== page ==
The judges also cautioned practitioners not to treat judicial questions during the tutorial as positions taken by the judge. Rather, attorneys should remember that the judge is learning, and that questions along the path of learning may or may not reflect what the judge understands after the lesson.
Appreciate Your Jurors, and Minimize the Burden on Them
The system abuses jurors by long time commitments, boring them, and not letting them discuss the case until the end. − Panelist at Judges’ Panel
Each of the judges shared observations on how burdensome trials are to juries, and advised counsel to seek stipulations and other methods to shorten trials and reduce the number and complication of issues presented to jurors.
Judge Illston noted, “Jurors love time limits on patent trials—no juror has ever come up after a trial and said he or she wishes the case could have been longer. Rather, jurors commonly observe that attorneys should move along faster, and that it seemed like the attorneys kept asking the same question over and over.”
The judges emphasized how trials can be confusing to juries, and emphasized helping them understand the process. Judge Grewal noted the importance of constantly reminding jurors of how the next piece of a trial fits into the bigger picture: “Attorneys often forget how hard it is for juries to understand where in the big picture you are—the best lawyers have a map to keep bringing the audience back to how it fits in.”
The panel agreed that shorter trials are generally better, despite the challenges this puts on attorneys. Trial time limits force attorneys to choose their best arguments and evidence rather than letting attorneys fall for the temptation to include everything, no matter how cumulative.
Moreover, the judges noted that longer trials limit the pool of available jurors who can endure an interruption in their lives for the trial, and that this may affect the quality of the jury’s decision-making.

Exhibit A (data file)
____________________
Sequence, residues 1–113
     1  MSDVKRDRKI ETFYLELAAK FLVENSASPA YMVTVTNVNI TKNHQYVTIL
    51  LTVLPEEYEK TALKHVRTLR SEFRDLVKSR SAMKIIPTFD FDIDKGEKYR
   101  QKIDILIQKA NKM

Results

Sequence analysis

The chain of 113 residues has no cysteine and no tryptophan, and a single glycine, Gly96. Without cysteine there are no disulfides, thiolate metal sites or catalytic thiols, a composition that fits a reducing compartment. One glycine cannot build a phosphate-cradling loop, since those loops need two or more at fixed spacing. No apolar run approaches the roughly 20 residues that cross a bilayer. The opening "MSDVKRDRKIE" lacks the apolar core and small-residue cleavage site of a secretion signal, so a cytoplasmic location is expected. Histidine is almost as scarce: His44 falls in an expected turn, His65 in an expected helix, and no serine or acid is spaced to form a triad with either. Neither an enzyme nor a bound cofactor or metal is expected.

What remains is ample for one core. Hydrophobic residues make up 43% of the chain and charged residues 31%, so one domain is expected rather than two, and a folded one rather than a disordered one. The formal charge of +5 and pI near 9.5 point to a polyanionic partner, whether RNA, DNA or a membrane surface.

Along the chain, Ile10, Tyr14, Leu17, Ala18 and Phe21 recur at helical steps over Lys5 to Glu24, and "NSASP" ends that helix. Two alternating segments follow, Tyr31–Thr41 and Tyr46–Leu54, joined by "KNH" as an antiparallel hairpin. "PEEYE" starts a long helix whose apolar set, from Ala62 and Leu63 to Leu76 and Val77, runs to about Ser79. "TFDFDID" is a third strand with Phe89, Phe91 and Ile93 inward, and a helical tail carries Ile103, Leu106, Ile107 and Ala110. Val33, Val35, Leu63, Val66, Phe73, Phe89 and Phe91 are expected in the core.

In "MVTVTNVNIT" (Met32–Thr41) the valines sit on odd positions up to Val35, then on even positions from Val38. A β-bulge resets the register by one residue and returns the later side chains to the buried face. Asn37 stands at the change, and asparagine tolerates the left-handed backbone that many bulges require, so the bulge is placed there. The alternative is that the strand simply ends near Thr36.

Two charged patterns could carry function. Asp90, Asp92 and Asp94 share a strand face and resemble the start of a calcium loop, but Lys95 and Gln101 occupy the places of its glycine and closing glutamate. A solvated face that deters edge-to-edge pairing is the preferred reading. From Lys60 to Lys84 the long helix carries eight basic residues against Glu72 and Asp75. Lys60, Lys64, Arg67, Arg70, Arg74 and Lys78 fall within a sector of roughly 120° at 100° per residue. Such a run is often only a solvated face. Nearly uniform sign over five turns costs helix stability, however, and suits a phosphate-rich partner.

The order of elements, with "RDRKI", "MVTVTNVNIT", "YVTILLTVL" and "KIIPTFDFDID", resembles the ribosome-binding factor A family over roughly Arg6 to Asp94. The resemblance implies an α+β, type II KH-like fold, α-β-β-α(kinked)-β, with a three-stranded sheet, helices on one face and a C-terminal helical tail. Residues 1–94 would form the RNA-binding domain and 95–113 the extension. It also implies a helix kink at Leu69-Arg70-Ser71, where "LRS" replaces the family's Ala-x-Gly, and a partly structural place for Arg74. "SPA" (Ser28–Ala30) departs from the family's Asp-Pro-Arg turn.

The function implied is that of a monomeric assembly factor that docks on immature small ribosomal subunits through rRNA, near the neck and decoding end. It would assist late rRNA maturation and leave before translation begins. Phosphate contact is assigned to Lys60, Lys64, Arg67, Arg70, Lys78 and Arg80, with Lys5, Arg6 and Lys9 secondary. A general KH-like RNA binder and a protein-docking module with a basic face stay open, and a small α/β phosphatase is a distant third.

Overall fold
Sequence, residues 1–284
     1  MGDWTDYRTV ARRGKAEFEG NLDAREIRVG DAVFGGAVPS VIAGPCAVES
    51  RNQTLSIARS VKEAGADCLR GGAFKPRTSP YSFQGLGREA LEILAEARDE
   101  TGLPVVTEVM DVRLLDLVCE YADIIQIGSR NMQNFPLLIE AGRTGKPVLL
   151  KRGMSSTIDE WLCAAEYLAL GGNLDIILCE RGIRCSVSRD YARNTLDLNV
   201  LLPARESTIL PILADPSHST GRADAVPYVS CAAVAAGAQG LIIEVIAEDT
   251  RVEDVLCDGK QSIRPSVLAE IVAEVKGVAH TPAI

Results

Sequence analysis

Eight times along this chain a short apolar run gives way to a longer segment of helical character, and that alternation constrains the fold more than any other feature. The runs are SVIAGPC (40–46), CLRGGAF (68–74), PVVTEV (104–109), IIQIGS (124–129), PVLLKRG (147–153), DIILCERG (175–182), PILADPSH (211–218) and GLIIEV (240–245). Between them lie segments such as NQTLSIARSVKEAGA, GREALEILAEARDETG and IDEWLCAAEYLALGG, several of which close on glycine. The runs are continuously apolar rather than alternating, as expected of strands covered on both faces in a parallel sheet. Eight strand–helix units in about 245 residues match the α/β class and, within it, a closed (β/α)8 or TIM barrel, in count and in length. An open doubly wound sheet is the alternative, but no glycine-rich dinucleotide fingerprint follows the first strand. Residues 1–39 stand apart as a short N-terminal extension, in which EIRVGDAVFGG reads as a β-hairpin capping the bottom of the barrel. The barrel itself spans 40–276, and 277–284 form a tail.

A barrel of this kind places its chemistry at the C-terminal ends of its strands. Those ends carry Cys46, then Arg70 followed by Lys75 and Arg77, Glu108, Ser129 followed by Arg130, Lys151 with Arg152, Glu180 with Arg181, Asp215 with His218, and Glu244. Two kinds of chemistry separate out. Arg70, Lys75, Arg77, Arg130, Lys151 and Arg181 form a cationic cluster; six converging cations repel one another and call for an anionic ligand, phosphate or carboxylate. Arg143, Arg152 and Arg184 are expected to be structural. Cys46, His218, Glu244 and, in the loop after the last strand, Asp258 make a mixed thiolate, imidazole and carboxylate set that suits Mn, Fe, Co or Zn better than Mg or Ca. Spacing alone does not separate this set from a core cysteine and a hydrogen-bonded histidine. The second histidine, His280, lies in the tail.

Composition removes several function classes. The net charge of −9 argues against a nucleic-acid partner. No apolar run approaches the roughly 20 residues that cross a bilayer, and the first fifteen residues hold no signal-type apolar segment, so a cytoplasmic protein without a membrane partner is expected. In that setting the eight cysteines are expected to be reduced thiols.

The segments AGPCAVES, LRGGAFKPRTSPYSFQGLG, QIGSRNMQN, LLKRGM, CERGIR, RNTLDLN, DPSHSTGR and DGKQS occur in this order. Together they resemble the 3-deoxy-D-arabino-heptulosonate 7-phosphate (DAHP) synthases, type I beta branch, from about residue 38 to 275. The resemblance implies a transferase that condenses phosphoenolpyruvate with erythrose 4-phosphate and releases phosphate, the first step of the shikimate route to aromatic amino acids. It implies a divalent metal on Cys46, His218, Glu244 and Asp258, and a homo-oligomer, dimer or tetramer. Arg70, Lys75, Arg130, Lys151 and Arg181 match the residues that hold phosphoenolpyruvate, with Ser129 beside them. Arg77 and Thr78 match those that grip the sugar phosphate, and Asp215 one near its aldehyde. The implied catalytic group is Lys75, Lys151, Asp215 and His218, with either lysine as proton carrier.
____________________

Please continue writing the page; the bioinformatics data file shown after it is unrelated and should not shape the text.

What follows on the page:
Judge Grewal mentioned psychological studies on cognitive processing, noting that there are limits to how long people are able to pay attention, and that jury attention is more likely to be lost during longer trials.
Juror Hostility to the Patent System
As Robert Stoll, former Commissioner of Patents at the USPTO, observed in another session at the SFIPLA Annual Meeting, there has been a great deal of anti-patent news coverage in recent years, particularly in the discussion of patent trolls. Judge Grewal noted that this sentiment is showing up in juror pools:
Patent juries used to be easy to pick. However, in the last couple of juries in patent cases, potential jurors have brought in very strong biases against the patent system. They have been comfortable voicing that view in court, in front of other panel members. These potential jurors did not want to hear about claims or expert opinions—they believe patents are worthless. Cultural hostility to the patent system is being voiced.
Samples of Patent and Technology Animations:
Cogent Legal was proud to be a sponsor of SFIPLA’s annual meeting. Some samples of patent animation are shown in this video that Cogent Legal displayed at its sponsor table during the SFIPLA meeting:
(Click here to view the video on YouTube if the video does not appear above.)
Support and Follow SFIPLA
SFIPLA, the San Francisco Intellectual Property Law Association, provides the Bay Area with engaging IP programs at SFIPLA’s annual meeting and throughout the year with monthly meetings offering continuing legal education (MCLE). You can connect with SFIPLA at its website, www.sfipla.com, on LinkedIn, and by following @sfipla on Twitter.